On what would have been the Pulitzer Prize-winning writer's 76th birthday, here are some movies he absolutely loathed including a couple of surprises and his dry assessments of their value. Armageddon reportedly used the services of nine writers. Why did it need any? The dialogue is either shouted one-liners or romantic drivel. It was more entertaining than The Brown Bunny.
Jason X sucks on the levels of storytelling, character development, suspense, special effects, originality, punctuation, neatness and aptness of thought. Oh, I've seen bad movies before.
But they usually made me care about how bad they were. Watching Mad Dog Time is like waiting for the bus in a city where you're not sure they have a bus line Mad Dog Time should be cut into free ukulele picks for the poor. It was just that there was less to understand than the movie at first suggests.
How much he charges I'm not sure, but the price is worth it if it keeps him off the streets and out of another movie. Deuce Bigalow is aggressively bad, as if it wants to cause suffering to the audience.
The best thing about it is that it runs for only 75 minutes Speaking in my official capacity as a Pulitzer Prize winner, Mr. Schneider, your movie sucks. Magoo, a fact I report because I love Studebakers and his was the only thing I liked in the film. Magoo is transcendently bad. It soars above ordinary badness as the eagle outreaches the fly. This movie isn't the bottom of the barrel.
This movie isn't below the bottom of the barrel. This movie doesn't deserve to be mentioned in the same sentence with barrels. The concept is exhausted, the ideas are tired, the physical gags are routine, the story is labored, the actors look like they can barely contain their doubts about the project.
Halfway through, I was ready for someone to lead us in reciting the rosary. What were your first thoughts the first time Rosie turned up in the leather dominatrix uniform? Did you maybe have slight misgivings that you were presiding over one of the more misguided film projects of recent years?
Ebert was occasionally wrong. There are no memorable lines. None of the characters is interesting, except for the enigmatic figure played by Rob Lowe, who seems to have wandered over from Hamlet. Judging by the evidence on the screen, the movie got a green light before a usable screenplay had been prepared, with everybody reassuring themselves that since they were such funny people, inspiration would overcome them.
Every reference to a human sex organ or process of defecation is not automatically funny simply because it is naughty, but Myers seems to labor under that delusion. What assumptions do they have about the purpose and quality of life? Hated hated hated hated hated this movie. Hated every simpering stupid vacant audience-insulting moment of it. Hated the sensibility that thought anyone would like it.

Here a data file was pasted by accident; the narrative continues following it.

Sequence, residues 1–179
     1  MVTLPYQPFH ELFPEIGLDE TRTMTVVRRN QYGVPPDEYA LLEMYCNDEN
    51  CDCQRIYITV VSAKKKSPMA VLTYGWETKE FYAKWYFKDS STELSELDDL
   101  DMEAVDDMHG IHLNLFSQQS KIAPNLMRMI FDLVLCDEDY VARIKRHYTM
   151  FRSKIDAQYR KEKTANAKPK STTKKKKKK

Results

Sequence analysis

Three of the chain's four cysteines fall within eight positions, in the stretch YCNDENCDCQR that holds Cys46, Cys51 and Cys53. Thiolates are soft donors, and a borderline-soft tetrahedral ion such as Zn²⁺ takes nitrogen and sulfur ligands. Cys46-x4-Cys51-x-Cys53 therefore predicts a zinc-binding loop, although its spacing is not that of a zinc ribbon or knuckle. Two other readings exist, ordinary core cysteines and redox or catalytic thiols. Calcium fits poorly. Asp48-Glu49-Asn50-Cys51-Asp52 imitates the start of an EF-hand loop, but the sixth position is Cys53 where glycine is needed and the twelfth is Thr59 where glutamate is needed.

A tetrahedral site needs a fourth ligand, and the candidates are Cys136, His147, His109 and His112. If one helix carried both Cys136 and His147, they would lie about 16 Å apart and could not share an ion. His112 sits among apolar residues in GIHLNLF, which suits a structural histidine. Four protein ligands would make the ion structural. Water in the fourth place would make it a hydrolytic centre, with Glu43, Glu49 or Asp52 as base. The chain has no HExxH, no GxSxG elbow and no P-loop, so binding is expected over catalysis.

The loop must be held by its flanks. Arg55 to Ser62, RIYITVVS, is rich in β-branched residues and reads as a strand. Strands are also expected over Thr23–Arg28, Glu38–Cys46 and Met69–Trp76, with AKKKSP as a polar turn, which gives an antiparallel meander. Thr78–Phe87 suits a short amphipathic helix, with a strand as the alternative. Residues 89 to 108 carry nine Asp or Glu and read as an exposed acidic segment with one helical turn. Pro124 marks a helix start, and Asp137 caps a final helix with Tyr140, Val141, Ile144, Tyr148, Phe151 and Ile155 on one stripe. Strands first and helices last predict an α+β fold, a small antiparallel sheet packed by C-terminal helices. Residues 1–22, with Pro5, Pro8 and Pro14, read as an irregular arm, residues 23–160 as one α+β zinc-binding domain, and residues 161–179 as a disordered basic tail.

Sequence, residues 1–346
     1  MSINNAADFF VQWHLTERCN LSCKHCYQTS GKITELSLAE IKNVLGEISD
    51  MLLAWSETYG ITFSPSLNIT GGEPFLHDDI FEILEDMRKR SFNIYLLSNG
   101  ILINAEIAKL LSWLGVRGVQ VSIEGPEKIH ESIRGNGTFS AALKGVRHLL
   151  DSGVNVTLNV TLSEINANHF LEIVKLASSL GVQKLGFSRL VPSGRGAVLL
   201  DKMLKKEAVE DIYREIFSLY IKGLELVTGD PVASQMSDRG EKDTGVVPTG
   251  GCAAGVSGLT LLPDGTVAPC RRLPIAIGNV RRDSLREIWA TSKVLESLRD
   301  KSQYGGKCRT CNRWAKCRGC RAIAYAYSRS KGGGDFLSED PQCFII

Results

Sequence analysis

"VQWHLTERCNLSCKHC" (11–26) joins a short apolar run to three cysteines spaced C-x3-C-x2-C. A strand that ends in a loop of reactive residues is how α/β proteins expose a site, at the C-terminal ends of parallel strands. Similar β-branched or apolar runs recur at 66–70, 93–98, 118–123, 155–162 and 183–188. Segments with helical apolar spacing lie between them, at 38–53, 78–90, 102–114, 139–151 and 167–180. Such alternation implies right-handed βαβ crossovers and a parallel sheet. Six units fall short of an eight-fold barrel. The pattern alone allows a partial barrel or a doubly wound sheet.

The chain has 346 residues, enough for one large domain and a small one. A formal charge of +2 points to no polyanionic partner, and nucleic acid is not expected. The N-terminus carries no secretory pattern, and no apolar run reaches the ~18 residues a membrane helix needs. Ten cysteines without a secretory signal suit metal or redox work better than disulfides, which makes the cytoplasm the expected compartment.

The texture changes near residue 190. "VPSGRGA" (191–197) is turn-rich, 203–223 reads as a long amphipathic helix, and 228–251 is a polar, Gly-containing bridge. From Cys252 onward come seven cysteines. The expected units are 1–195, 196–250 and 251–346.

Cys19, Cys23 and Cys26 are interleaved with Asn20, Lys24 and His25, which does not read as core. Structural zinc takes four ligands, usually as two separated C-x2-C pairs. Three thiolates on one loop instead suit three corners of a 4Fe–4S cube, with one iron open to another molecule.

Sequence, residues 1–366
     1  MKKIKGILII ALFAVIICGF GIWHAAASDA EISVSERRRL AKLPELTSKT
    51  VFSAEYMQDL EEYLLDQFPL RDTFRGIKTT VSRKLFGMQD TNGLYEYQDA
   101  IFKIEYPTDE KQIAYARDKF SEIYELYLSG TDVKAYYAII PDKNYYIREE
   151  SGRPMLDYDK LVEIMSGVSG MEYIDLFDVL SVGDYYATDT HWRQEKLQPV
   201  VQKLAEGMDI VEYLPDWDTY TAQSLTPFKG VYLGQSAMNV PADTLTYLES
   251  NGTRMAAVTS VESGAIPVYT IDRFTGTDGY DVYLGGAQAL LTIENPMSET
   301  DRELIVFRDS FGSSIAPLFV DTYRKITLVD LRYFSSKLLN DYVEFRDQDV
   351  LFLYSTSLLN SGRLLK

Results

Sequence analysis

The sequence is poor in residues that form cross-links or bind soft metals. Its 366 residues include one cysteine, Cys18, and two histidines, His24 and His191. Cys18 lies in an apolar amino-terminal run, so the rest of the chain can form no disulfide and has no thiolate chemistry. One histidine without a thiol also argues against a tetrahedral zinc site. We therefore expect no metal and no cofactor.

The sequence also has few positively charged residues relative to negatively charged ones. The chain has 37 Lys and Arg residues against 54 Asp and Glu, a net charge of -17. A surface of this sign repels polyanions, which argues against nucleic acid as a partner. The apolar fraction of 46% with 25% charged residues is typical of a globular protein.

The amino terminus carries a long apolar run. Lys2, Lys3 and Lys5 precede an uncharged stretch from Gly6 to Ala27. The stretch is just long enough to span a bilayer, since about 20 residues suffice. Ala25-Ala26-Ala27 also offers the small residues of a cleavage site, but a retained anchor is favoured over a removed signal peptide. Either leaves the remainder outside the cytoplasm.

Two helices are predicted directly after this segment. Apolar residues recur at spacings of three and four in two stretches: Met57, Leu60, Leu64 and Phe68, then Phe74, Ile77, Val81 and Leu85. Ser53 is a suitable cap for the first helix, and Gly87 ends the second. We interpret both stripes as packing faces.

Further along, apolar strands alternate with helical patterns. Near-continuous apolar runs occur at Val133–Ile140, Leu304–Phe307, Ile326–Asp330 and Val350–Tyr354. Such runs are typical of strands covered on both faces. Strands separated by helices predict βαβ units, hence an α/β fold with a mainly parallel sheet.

Hated the implied insult to the audience by its belief that anyone would be entertained by it. His songs are melodramatic, interchangeable, self-aggrandizing groans and anguished shouts, backed protectively by expensive and cloying instrumentation. His dramatic presence also looks over-protected, as if nobody was willing to risk offending him by asking him to seem involved, caring and engaged. It's strange about the Diamond performance: It's not just that he can't act.
It's that he sends out creepy vibes. He seems self-absorbed, closed off, grandiose, out of touch with his immediate surroundings. The movie basically has one joke, which is Ace Ventura's weird nerdy strangeness. If you laugh at this joke, chances are you laugh at Jerry Lewis, too, and I can sympathize with you even if I can't understand you.
I found the movie a long, unfunny slog through an impenetrable plot. Kids might like it. Or My Mom Will Shoot! It is moronic beyond comprehension, an exercise in desperation during which even Sylvester Stallone, a repository of self-confidence, seems to be disheartened.
But people like Willie Nelson and Burt Reynolds should have been smart enough to stay out of it. Here is a lame-brained, outdated wheeze about a couple of good ol' boys who roar around the back roads of the South in the General Lee, their beloved Dodge Charger.
As it happens, I also drove a Dodge Charger. You could have told them apart because mine did not have a Confederate flag painted on the roof. It's a rebuke to the faith that the building represents. Cannes touchingly adheres to a belief that film can be intelligent, moving and grand. Godzilla is a big, ugly, ungainly device to give teenagers the impression they are seeing a movie. I urgently advise hospitals: Do not make the DVD available to your patients; there may be an outbreak of bedpans thrown at TV screens.
I would not like to say more. I would like to say less. On the basis of Dirty Love, I am not certain that anyone involved has ever seen a movie, or knows what one is.
Even the opening titles are cheesy. Sci-fi epics usually begin with a stab at impressive titles, but this one just displays green letters on the screen in a type font that came with my Macintosh.
Then the movie's subtitle unscrolls from left to right in the kind of 'effect' you see in home movies. If I haven't retired by then, I will. I am not giving a star rating to Pink Flamingos because stars simply seem not to apply. It should be considered not as a film but as a fact, or perhaps as an object.